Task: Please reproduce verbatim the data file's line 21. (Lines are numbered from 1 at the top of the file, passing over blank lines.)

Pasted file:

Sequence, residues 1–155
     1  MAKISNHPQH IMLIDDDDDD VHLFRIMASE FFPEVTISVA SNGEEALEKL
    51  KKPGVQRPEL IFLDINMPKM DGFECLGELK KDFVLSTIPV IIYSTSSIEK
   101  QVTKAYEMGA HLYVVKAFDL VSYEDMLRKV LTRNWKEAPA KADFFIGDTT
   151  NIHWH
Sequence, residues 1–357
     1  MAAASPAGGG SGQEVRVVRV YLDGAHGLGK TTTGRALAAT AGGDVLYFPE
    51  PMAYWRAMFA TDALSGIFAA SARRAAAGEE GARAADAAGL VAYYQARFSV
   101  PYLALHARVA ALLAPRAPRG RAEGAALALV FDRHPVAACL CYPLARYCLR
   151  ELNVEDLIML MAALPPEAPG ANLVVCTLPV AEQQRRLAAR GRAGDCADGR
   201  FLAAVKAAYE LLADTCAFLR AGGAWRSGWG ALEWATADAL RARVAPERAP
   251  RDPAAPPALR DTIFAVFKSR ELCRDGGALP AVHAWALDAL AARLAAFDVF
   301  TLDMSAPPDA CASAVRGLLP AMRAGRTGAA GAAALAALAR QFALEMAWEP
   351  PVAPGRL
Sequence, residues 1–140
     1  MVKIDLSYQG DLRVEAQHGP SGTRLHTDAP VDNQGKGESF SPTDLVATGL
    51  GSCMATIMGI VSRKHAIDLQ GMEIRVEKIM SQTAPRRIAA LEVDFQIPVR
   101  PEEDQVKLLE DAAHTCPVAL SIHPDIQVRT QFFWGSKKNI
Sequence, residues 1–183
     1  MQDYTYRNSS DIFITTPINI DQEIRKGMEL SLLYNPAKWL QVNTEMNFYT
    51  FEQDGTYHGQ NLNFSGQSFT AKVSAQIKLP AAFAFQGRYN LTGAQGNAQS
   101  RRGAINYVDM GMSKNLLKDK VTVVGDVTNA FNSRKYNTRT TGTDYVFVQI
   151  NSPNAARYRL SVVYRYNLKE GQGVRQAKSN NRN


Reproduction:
    51  FEQDGTYHGQ NLNFSGQSFT AKVSAQIKLP AAFAFQGRYN LTGAQGNAQS